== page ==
Monday, December 16

Bright Musang King prospects for Sarawak

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Lim (right) shows farmers the correct way of planting durian.

MALAYSIA is on a mission to ramp up its Musang King durian market share in China and Sarawak could become the biggest future producer of this highly sought-after species of the King of Fruit.

Lim Chin Khee

Durian expert Lim Chin Khee is optimistic about the prospect, given the availability of vast swaths of land in Sarawak.

“Right now, Malaysia is producing about 300,000 tonnes of all types of durian every year although for Musang King, we’re only exporting about 5,000 tonnes this year.

“The demand is more than that but presently, we can’t even meet 1 per cent of the demand from China. Actually, this is quite positive – still plenty of room for growth,” he said.

Malaysia began exporting whole durian fruits to China in June this year after the Chinese government allowed the import of frozen whole fruits.

According to Lim, the approval is a significant breakthrough for Malaysia as China, with a population of about 1.4 billion, takes up about 90 per cent of the total world export market.

“If we focus on China, it’s more than enough,” he said, adding that the future of Malaysia’s durian industry looks bright due to the demand from China.

To develop the industry, he now trains government agencies and the public sector on planting all types of durians, using new technology.

Lim, a Universiti Putra Malaysia (UPM) graduate and owner of a durian farm in Raub, Pahang, said planting durian is not simple but with the right method, it could be done successfully.

“It’s a long-term investment, so we need careful planning because a single mistake may result in huge losses,” he noted.

Lim said the traditional way of planting would yield results in five to eight years but with the correct method and technology, the trees could bear fruits between three and five years.

“You can avoid mistakes and cut production time with the right approach. Durian trees are easily infected by diseases and mistakes of neglect will cause the trees to die.”

 

The durian industry started picking up momentum in Malaysia in the 1990s.

Training programme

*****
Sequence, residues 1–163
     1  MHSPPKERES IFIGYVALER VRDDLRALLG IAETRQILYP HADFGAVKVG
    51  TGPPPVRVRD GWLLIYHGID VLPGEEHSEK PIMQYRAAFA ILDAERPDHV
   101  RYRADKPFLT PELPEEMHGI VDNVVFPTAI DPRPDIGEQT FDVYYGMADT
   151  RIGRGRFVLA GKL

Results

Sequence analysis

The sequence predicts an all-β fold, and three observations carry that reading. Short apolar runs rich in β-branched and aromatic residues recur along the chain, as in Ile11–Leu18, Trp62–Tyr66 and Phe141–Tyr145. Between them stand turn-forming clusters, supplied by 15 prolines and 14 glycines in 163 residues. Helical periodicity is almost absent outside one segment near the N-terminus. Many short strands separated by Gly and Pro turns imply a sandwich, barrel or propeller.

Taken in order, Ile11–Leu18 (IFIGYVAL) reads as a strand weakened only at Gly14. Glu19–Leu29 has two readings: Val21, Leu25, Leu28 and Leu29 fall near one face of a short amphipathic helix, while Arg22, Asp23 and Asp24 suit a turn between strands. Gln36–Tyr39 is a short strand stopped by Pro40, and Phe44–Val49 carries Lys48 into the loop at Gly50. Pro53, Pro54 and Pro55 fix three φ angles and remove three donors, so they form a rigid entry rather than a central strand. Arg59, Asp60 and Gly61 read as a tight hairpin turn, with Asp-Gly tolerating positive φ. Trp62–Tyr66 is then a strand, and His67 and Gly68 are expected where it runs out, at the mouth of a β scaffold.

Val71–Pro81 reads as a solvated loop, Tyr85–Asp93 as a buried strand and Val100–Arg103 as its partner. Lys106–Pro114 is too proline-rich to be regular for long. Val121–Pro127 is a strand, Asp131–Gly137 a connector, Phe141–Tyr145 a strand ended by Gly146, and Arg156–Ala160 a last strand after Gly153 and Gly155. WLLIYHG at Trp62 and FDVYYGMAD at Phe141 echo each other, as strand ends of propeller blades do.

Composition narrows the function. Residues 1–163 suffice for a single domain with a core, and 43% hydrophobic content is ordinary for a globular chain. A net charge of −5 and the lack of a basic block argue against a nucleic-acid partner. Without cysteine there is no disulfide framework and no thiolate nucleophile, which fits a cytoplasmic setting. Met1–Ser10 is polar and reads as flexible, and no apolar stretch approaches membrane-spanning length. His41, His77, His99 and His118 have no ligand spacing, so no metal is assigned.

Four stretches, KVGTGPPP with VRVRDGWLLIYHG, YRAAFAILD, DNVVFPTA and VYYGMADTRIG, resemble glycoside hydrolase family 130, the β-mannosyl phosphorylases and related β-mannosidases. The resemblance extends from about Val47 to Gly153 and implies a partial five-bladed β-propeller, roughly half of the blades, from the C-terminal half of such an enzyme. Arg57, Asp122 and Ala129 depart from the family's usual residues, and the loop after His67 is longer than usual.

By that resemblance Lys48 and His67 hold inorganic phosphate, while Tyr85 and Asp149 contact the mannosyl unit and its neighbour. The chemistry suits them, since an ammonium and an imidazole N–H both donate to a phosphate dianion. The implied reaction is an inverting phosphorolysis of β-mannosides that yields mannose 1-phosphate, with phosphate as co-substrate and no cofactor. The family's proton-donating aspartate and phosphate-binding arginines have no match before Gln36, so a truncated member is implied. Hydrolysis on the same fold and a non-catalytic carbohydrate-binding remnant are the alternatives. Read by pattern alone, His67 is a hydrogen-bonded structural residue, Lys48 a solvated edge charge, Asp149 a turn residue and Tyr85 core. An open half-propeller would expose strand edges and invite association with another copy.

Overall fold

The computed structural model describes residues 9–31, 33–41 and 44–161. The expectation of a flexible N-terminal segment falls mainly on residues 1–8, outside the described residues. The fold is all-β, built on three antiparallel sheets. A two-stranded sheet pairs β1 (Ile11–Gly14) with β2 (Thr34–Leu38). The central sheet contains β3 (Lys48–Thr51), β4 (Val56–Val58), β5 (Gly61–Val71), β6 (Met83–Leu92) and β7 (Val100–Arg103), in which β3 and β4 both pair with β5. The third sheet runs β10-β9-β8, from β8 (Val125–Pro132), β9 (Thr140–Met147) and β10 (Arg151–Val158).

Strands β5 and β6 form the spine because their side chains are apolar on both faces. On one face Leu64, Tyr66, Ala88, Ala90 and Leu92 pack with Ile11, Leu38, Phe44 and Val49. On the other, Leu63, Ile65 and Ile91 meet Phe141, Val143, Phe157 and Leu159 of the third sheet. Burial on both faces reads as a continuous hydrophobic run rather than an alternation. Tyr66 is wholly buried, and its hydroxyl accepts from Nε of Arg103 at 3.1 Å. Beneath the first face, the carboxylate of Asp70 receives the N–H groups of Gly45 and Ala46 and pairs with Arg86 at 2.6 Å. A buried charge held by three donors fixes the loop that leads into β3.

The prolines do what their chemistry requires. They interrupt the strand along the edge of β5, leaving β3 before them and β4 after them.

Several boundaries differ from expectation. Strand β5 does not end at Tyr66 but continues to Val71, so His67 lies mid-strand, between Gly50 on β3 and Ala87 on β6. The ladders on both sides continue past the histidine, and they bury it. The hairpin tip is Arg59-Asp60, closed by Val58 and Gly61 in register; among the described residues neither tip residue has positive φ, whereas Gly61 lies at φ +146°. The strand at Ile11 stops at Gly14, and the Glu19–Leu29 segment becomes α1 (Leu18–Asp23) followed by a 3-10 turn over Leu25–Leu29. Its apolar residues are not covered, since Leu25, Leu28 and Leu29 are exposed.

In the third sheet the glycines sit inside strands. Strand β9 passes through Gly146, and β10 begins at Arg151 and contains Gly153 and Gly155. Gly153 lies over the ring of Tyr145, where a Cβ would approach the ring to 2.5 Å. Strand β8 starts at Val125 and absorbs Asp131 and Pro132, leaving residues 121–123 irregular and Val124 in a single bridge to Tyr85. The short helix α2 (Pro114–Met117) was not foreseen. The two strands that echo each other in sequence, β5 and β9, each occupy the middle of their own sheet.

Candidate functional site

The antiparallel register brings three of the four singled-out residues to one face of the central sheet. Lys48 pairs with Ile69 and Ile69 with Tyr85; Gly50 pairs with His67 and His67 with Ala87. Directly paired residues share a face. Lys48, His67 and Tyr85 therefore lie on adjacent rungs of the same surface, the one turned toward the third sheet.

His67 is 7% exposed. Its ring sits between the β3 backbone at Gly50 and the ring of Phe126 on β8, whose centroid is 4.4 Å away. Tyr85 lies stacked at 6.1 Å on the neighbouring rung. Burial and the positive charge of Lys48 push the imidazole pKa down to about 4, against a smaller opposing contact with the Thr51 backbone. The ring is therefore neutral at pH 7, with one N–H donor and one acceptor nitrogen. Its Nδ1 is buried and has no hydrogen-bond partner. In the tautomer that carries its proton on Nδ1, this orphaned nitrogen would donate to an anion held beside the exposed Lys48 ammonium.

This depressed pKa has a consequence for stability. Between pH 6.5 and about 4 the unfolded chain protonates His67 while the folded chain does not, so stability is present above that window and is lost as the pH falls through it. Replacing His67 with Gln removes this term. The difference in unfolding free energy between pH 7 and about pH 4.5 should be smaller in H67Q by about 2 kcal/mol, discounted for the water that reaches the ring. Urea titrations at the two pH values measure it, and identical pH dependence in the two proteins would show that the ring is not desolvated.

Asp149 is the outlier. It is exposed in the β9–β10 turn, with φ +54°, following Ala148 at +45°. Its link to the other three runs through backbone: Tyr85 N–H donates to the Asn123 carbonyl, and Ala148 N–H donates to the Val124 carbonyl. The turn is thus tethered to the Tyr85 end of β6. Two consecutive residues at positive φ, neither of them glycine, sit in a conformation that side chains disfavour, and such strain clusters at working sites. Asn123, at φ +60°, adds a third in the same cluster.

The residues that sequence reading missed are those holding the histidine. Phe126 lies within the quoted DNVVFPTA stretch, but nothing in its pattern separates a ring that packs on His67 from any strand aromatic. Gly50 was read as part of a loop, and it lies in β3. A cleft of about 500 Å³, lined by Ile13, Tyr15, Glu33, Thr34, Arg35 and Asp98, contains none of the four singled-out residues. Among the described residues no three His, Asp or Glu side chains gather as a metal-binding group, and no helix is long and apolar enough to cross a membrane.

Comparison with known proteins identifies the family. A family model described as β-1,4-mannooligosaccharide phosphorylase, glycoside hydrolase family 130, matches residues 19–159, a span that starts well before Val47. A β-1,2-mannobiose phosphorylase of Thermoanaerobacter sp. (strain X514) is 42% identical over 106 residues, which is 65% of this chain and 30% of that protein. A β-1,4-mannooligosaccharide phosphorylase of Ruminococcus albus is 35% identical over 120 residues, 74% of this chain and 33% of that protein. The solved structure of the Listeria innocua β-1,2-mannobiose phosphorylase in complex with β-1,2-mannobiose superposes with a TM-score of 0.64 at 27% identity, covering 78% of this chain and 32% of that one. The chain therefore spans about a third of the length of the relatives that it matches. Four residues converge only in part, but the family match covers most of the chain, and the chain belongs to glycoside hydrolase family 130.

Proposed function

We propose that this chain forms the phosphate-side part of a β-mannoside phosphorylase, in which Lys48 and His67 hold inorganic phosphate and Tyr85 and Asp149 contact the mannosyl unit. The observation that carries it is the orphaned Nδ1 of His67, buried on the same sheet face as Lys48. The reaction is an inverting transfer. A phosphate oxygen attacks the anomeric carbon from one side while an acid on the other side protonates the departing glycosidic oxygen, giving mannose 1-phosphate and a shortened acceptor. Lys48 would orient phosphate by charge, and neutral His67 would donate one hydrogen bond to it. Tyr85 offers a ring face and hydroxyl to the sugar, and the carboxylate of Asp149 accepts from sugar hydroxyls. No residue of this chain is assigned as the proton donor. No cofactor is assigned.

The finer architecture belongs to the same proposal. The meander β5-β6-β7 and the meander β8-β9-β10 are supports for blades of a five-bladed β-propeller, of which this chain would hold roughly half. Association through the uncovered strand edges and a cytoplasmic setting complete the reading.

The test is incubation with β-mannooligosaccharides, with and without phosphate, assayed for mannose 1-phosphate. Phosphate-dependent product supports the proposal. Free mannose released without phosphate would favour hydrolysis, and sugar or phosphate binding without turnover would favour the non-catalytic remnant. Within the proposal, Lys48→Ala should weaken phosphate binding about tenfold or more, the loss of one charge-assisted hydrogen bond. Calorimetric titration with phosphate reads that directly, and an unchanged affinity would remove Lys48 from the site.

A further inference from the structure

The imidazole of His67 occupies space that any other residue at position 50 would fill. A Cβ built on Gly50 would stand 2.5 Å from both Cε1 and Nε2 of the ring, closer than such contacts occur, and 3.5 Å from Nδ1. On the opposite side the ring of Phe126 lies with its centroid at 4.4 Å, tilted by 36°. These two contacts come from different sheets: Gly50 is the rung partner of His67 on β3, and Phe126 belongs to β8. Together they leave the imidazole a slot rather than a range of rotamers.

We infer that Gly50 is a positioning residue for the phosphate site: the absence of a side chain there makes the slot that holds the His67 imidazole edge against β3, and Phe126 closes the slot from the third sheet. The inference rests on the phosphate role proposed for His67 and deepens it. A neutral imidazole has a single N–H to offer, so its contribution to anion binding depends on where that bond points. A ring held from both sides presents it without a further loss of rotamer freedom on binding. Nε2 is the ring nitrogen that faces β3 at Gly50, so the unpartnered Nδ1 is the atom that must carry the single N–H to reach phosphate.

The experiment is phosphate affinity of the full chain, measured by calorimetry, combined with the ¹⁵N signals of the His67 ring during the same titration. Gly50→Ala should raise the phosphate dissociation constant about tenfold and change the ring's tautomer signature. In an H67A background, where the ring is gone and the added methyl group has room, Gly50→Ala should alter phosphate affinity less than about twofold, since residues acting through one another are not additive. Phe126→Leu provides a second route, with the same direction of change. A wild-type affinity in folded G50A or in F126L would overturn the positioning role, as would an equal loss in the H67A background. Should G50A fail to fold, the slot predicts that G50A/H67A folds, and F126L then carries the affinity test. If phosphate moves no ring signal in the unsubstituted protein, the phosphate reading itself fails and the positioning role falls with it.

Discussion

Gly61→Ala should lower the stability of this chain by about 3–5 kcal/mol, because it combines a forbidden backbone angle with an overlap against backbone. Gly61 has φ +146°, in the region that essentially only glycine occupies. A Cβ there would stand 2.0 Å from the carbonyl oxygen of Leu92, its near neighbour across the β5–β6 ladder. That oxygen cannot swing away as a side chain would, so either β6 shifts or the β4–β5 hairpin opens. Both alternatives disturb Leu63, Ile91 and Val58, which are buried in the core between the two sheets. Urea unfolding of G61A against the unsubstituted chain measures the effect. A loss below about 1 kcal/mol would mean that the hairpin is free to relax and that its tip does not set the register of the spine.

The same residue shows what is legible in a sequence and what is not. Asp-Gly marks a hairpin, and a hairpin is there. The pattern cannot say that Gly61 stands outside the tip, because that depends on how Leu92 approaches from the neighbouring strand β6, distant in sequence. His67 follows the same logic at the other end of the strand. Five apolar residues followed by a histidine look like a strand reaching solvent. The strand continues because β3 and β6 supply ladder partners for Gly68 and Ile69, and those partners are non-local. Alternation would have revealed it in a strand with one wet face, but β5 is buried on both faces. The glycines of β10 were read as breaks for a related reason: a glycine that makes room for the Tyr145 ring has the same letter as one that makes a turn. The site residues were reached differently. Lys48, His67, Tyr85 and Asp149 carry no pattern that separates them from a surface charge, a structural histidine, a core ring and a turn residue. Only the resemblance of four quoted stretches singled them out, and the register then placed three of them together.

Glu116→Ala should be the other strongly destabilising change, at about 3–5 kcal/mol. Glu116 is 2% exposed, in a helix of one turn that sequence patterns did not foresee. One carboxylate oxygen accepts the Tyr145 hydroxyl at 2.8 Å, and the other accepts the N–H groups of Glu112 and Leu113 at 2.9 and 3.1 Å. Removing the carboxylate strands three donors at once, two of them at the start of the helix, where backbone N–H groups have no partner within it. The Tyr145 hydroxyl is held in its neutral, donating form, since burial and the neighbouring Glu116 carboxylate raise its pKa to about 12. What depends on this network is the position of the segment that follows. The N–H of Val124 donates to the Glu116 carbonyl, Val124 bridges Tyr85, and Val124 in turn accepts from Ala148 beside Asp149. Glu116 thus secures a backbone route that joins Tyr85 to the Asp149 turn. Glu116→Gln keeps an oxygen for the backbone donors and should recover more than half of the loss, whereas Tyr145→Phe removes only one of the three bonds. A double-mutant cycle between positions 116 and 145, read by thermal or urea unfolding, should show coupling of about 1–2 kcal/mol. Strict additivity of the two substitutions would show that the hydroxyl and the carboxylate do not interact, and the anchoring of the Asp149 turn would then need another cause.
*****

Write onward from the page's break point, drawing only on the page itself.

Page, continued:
His training programme consists of proper pruning, correct planting distance, and water system management.

“Durians are sensitive to water. The plants cannot take in too much or too little water. So knowing what to do is essential to ensuring a healthy durian tree.”

Lim also advises farmers on the dos and don’ts of durian cultivation.

“For example, we know Malaysia is exposed to El Nino every 15 years. If farmers don’t prepare an adequate water source, the trees will be badly affected and die once the weather phenomenon strikes. Durian trees left dry more than 30 days will perish.”

Lim pointed out that the biggest mistake farmers made was to “dig a hole and plant” the tree, saying, “That’s why we’re introducing moulding technology, fertigation, and proper pruning.”

He described moulding technology as one of the most important aspects of durian cultivation as it protects the trees from diseases due to soil aeration.

 

Lim conducts a workshop on planting durian.

Most profitable

Lim said planting durian is considered a high-cost business venture as between RM3,000 and RM4,000 is invested in a single tree.

However, he pointed out that with proper techniques and care, the durian is not only one of the most sustainable and environmentally friendly crops but also one of the most profitable.

According to him, durian trees can last five generations and on average, one tree can produce 100 fruits. The average price of a durian fruit is about RM20. So from the 100 fruits in one tree, a return of RM2,000 is possible.

Lim said although the durian is a seasonal fruit, cultivation could be manipulated and controlled to ensure all-year-round production.

“It’s not how big the fruit grows to be but how professional we are in getting the result.”

A total of 203 out of over 1,000 durian species are registered with the Department of Agriculture.

He added that research on durian cultivation started about 30 years ago in Peninsular Malaysia, prompted not only by local market demand but also export to Singapore.

“Singapore imported our durians to attract tourists. In a way, Singapore indirectly promoted our durians.”

About 10 years later, the durian industry in Malaysia started to pick up momentum, especially in the late 1990s. Today, 203 out of over 1,000 species in the country have been registered with the Department of Agriculture. And the most famous among them is the Musang King.

“All this while, Thailand dominates about 95 per cent of the durian market in China but their durians are ordinary whereas ours are branded,” Lim said.

A Thai durian costs about RMB10 to RMB20 while the Musang King fetches about RMB200 to RMB500 each.

A packed audience at the talk by Lim on durian cultivation.

“So it’s like selling a branded car compared to an ordinary car. To China, it’s more about the quality we can deliver,” he added.

As Sarawak has just started venturing seriously into the durian industry, Lim believes it would pick up in another five years.

“Some farmers in Sarawak have already started planting, using the method and technique I imparted. One company has started with 13 acres,” he said.

“We’ve done it successfully in West Malaysia. What we’re doing right now is bringing the expertise to Sarawak and Sabah. We’ve opened the way for the two Borneo states.”

He predicted that with the advantage of vast land area, Sarawak and Sabah are well poised to become the biggest Musang King producers in the future.

“The two states are quite lucky in that they don’t have to go through the trial and error process. We just transfer our technology here and with our experience, we can help local planters off on the correct footing,” he said.